As with any other lesional model, pilocarpine-induced status epilepticus does not uniformly damage different cell groups. Here again, cell type-specific vulnerability has been best studied in the hippocampus. There is greater damage to principal cells, that is pyramidal, and granule cells in the hippocampal complex, but interneurons located in the other strata can also be damaged. Most notably, hilar mossy cells can be markedly damaged by pilocarpine-induced status epilepticus, but with large variation in the extent of damage between different animals. Damage to GABAergic neurons is also extensive throughout the hippocampus. However, not all GABAergic neurons in the hippocampal complex are equally vulnerable, with specific populations in different strata showing different rates of loss. In a recent study, the density of GAD65 mRNA-positive neuron profiles in layer III of the entorhinal cortex was similar in control and post-status epilepticus rats evaluated between 3 and 7 days after pilocarpine. Similar evaluations have not yet been provided for other brain areas, with the exception of a qualitative assessment of the neocortex (Leite et al. 1990, Turski et al. 1983a, b, 1984).

Glial pathology in the pilocarpine model has not received the same level of attention as neuronal pathology. Nevertheless, there have been descriptions regarding the proliferation of astrocytes, as shown by the increased expression of GFAP and other glial markers. In addition to glial proliferation, it has been shown that, in the CA1 area of the hippocampal complex of animals subjected to pilocarpine-induced status epilepticus, glial cells "adapt" to permit rather large increases in extracellular potassium accumulation. Microglia and other markers of inflammatory tissue reaction have also shown to be present in the early phases after pilocarpine-induced status epilepticus (Binder and Steinhäuser 2006, Garzillo and Mello 2002).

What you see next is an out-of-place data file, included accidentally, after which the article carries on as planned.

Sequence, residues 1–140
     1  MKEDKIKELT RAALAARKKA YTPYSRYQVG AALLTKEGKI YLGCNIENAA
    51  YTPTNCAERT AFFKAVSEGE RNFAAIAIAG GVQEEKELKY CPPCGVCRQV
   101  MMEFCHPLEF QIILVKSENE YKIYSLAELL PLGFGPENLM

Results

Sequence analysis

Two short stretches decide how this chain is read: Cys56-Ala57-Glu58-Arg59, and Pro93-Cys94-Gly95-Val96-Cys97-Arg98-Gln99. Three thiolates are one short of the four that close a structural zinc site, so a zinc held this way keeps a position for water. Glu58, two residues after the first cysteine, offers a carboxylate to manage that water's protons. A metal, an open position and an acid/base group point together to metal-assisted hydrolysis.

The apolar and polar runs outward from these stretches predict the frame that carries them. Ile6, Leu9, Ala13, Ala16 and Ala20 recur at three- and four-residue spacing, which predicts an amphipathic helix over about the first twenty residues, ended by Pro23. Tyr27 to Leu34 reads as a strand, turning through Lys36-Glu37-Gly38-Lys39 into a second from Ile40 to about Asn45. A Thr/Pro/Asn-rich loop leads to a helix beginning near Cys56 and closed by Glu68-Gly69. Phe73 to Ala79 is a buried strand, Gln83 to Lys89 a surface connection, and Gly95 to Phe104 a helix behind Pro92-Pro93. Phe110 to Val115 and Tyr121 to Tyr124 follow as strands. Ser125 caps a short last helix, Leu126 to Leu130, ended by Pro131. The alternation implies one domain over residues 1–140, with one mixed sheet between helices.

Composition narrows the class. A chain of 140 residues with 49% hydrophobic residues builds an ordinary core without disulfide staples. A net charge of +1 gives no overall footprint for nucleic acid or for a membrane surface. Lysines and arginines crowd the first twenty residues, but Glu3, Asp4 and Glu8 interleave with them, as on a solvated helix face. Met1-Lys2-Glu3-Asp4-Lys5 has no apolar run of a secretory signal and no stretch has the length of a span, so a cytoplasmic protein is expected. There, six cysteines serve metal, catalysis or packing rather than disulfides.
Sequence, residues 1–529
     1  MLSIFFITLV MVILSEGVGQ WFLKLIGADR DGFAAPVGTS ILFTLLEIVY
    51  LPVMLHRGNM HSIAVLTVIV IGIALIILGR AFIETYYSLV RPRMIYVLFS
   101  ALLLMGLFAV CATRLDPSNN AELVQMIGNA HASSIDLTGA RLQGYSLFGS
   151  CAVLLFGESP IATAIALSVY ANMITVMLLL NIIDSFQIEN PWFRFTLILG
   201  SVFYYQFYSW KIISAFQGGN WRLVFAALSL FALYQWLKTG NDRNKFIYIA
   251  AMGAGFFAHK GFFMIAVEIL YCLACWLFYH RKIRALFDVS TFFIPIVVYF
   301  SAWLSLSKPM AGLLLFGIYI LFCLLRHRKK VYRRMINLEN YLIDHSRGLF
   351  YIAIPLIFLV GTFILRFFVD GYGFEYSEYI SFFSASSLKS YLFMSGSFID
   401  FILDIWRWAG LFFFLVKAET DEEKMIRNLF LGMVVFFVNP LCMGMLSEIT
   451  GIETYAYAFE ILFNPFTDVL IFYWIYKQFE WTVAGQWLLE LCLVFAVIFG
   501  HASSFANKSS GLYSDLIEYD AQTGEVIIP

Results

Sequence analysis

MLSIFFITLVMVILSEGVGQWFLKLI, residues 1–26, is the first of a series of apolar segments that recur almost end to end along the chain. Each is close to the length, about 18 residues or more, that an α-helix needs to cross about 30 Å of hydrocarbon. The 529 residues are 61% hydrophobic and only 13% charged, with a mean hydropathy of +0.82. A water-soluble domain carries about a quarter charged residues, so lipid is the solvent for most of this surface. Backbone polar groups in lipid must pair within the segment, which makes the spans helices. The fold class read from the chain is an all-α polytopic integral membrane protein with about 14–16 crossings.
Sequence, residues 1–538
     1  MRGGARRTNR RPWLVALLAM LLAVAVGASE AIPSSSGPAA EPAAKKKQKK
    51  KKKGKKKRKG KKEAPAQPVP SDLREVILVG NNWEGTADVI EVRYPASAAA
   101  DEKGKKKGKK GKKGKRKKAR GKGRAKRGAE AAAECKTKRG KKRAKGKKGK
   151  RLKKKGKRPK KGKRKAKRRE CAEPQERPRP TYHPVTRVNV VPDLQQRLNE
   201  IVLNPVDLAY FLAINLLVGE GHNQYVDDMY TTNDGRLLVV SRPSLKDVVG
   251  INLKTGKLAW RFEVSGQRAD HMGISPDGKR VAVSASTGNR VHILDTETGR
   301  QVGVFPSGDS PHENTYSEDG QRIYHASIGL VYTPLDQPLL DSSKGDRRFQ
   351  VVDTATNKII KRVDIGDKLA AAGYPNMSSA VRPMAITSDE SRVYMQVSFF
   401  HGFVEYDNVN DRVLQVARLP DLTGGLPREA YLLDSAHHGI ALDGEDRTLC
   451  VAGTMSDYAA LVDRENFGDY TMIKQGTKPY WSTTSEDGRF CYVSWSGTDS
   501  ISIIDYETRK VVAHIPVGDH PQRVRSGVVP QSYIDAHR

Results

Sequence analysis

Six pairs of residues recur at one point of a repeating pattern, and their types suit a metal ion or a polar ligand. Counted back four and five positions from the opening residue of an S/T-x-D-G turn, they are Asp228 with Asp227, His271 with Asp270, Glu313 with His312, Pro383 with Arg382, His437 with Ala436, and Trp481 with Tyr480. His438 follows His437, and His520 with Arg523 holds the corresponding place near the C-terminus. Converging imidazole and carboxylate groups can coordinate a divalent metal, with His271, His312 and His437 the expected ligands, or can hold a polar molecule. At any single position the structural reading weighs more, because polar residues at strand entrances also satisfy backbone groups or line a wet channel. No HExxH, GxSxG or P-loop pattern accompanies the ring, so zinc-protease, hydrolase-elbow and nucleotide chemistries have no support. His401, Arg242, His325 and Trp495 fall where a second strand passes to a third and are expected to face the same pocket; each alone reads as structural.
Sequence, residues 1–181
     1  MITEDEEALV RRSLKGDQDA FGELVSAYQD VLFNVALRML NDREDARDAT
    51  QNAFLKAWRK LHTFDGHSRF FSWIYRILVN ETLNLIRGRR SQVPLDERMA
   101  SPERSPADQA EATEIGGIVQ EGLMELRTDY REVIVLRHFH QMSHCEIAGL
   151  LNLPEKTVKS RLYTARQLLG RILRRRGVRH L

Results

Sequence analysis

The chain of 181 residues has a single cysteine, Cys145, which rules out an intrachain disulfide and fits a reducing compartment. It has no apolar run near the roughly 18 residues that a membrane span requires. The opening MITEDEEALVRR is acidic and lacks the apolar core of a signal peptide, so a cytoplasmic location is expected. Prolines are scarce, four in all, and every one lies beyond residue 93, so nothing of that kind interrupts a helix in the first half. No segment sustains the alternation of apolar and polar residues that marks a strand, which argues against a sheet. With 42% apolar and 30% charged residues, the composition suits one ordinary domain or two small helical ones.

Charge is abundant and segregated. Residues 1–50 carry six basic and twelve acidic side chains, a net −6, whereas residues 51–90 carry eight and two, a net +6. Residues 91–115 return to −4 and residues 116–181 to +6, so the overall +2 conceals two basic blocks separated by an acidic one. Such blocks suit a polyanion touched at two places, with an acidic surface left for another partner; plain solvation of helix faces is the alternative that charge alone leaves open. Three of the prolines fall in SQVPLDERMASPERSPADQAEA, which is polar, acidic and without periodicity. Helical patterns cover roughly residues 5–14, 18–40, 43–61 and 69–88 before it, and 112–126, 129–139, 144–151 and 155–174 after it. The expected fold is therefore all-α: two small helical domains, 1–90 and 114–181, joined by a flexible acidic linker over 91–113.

Partial or complex seizures, the main characteristic of temporal lobe epilepsy (TLE), have been related to important brain impact as well as to the eventual evolution of this syndrome. Thus, different authors have demonstrated that long-lasting seizures unchain a complex chemical cascade, triggering neurochemical alteration in neurons and glial cells. These immediate or long-lasting events can modify the cellular environment through changes of ionic gradient across the cell membrane, alteration of gene expression such as receptors, trophic factors, enzymes, proteins from cytoskeleton, protein from matrix and the phosphorylation of macromolecules. Furthermore, seizures can induce reactive gliosis generated by cell death and induced by these long-lasting convulsions. These modifications promote synaptic remodeling, which can change the excitability of neurons from temporal structures, leading to the appearance of brain damage and a permanent hyperexcitability.

Unfortunately, the temporal lobe epilepsy is not an easily understandable brain dysfunction. The neurochemical alteration found in the brain of experimental animals, as well as in human brain, show high degree of complexity.